Corresponding Respect: Privacy in Personal Mail

Yitzchak Grossman Shlit”a, Dayan and Lecturer at the Bais HaVaad

Reading the
Correspondence of Others

Parshas Shelach contains the
tragic narrative of the spies sent to survey the Land of Canaan. While their
task was to observe and to report their observations, a major component of
modern espionage is signals intelligence, and communications intelligence in
particular, with Henry L. Stimson’s celebrated distaste for the practice
(“Gentlemen do not read each other’s mail.”) seen as laughably quaint. I am not
aware of any significant discussion of the ethics of such intelligence
gathering in the service of the national interest; this article explores some
of the Halachah pertaining to such conduct in the context of the intercourse of
private citizens.

Cherem of Rabbeinu

is a medieval tradition, generally attributed to Rabbeinu
Gershom Me’or Ha’Golah
, of a cherem [ban /
anathema] against reading (or opening) a letter addressed to another.

The acharonim
additionally noted various halachic problems with
reading others’ mail, either as rationales for the ban or as independent

  • The utilization of another’s
    property without permission is forbidden.
  • “Thou shalt love thy neighbor as
    thyself” – “that which is hateful to you, do not do unto your friend”.
  • “Thou shalt not go up and down as a
    talebearer among thy people”.
  • Geneivas
    prohibited. [The phrase generally refers to deception, i.e., the planting of a false idea in the mind of
    another, whereas our situation appears to be the exact opposite: the extraction of a true idea from the mind of
  • It is
    prohibited to cause harm to another, even indirectly (grama
    be’nezikin asur
    ), and reading others’ correspondence usually causes harm, whether
    financial or otherwise.

the Sephardim, it was common to inscribe a reference to the cherem
(the outside of) letters, although the cherem applies

Is the Cherem
In Effect?

is a tradition that Rabbeinu Gershom’s ban on polygamy was only in force until
the end of the fifth millennium, and some extend this to our cherem, too. The
basic tradition with regard to polygamy itself, however, is not universally
accepted, and our cherem in particular
may have no expiration date, as unlike polygamy, which is perfectly permissible
according to Biblical law, the reading of others’ mail may be prohibited to
begin with, for the various reasons given above, and so Rabbeinu Gershom would
not have included a sunset clause in his cherem.


of the medieval formulations of the cherem contain the
dispensation that “if he has discarded it, it is permitted”, and this has been
understood to mean that even if the discarding has not been directly observed,
the mere fact of the letter being apparently abandoned allows us to conclude
either that it has been deliberately discarded or that care was not taken to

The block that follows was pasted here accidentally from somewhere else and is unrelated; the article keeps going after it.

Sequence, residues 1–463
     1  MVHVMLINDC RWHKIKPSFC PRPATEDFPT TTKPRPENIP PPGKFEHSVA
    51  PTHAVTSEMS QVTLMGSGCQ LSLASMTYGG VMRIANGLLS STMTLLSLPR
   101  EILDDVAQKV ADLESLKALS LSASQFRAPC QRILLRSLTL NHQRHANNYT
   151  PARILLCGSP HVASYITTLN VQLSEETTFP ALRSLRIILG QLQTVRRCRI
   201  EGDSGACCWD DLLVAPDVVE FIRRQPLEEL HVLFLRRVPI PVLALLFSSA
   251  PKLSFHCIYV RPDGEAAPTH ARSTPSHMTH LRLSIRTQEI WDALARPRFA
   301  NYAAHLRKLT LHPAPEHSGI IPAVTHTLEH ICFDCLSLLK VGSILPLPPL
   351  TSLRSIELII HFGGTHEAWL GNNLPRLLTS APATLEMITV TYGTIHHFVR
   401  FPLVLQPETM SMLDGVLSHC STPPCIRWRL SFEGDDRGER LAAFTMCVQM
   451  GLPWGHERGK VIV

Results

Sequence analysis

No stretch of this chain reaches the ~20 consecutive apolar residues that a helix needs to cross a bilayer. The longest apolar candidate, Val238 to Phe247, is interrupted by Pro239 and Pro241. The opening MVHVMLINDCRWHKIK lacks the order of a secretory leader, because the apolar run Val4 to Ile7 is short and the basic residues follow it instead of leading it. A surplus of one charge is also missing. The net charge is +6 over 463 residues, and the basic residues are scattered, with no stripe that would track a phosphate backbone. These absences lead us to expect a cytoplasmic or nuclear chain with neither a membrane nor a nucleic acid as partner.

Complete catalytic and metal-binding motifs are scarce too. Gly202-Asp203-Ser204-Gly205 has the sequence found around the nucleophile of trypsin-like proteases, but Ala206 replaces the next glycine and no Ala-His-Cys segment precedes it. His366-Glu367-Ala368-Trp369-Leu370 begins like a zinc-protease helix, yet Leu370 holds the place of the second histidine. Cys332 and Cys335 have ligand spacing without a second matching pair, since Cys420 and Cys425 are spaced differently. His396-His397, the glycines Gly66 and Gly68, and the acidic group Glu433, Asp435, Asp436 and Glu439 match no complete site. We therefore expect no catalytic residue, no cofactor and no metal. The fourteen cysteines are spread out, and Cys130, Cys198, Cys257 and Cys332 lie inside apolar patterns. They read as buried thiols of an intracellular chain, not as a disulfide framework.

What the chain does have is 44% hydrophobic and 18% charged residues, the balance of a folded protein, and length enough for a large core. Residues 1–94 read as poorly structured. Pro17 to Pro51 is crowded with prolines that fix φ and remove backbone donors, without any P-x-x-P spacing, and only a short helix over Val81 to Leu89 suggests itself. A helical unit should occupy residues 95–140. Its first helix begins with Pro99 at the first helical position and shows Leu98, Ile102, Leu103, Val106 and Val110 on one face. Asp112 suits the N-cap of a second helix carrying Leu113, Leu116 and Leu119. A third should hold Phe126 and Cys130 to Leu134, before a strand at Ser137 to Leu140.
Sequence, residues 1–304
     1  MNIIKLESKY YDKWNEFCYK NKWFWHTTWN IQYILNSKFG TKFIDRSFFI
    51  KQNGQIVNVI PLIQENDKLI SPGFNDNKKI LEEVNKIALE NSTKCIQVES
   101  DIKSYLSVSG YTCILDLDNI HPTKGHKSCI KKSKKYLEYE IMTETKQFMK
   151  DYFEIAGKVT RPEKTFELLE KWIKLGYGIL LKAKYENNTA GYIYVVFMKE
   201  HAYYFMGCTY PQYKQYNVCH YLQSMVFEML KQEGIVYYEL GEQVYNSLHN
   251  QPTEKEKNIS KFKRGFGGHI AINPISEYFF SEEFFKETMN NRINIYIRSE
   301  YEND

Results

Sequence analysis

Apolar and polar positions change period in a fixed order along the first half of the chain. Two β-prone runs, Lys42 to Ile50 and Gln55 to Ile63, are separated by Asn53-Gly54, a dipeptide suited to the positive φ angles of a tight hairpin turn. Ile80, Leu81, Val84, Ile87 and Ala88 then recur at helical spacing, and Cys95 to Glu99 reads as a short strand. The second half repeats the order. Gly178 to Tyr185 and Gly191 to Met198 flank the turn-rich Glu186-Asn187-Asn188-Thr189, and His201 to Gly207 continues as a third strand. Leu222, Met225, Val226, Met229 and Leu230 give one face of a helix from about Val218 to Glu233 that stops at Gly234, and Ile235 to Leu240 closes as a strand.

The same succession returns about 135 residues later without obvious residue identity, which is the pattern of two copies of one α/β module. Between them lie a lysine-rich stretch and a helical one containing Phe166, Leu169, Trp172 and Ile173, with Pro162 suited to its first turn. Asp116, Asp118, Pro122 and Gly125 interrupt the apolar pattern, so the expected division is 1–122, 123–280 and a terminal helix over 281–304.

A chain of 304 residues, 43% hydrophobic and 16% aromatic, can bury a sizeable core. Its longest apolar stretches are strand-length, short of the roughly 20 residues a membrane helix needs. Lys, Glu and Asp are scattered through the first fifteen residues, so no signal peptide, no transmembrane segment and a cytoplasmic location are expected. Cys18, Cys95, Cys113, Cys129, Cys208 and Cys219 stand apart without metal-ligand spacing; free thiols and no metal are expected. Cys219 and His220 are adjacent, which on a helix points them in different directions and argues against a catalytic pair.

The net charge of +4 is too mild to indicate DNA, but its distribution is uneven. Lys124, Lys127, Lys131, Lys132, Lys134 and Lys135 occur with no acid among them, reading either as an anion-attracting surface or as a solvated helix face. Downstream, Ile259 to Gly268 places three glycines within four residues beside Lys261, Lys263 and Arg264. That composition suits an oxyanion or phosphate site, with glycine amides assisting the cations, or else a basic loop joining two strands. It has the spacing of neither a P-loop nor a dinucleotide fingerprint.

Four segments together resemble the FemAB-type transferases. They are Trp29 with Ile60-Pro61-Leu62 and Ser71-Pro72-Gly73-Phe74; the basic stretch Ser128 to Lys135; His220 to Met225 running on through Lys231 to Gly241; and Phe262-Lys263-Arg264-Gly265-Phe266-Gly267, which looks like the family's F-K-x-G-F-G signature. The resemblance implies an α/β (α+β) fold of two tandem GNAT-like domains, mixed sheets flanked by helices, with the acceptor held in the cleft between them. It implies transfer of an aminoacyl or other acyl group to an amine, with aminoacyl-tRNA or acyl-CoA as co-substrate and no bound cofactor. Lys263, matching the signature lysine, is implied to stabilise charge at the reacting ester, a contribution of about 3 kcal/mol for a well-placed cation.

secure it, due to its not containing any confidential information. There is,
however, an opinion that limits this to where the letter has been discarded in
a publicly accessible place, where it is likely to be read, as this clearly
indicates that the discarder is unconcerned with its being read, but where it
has been placed into a private or even a public garbage can, the contents of
which are generally unlikely to be exposed, as dumpster-diving is uncommon in
contemporary times, there is no basis to impute such unconcern to the

there is an opinion that forbids reading a letter found in the street, as even
insofar as the recipient does not care if the letter is read, the sender may
still care.

Letters and Postcards

The poskim
whether the cherem applies to
unsealed letters and postcards; on the one hand, since the sender did not
bother to seal his missive, he evinces unconcern with its being read, but on
the other, perhaps he simply relies on general compliance with the cherem. Additionally,
irrespective of the sender’s lack of concern, the addressee of the missive may
object to third party perusal.

Permission of
the Recipient

is an opinion that permission from the recipient of a letter suffices to allow
third party perusal; others maintain that permission from the sender is also


is an opinion that the cherem applies even in
the face of a mitzvah. On the other
hand, some maintain that just as Rabbeinu Gershom’s ban on polygamy may not
apply in situations of mitzvah and aveirah, so, too, does
our cherem include such an exception, and it is therefore permitted for an
educator to read the correspondence of a female student with a young man where
there is a suspicion that the contents are illicit, although it is preferable
to simply ban the correspondence, and in any event, no one but her teacher may
read it, and it must be perfectly clear that any information he gleans from his
perusal must remain absolutely confidential. Similarly, where parents or
teachers have a reasonable suspicion in particular circumstances that their
children or students are corresponding with those who may incite them to sin,
or where there is a reasonable suspicion of scandalous intercourse on the part
of a woman, the parents, teachers, husbands, batei din or their agents
may read the correspondence in order to prevent the illegitimate conduct or
take other appropriate action.

is unclear whether it is permitted to read another’s correspondence in order to
avoid harm.


maintain that the cherem applies to
eavesdropping on telephone conversations and the like.

Beyond the Cherem

maintain that even where the cherem is technically
inapplicable, excessive curiosity and nosiness are inappropriate.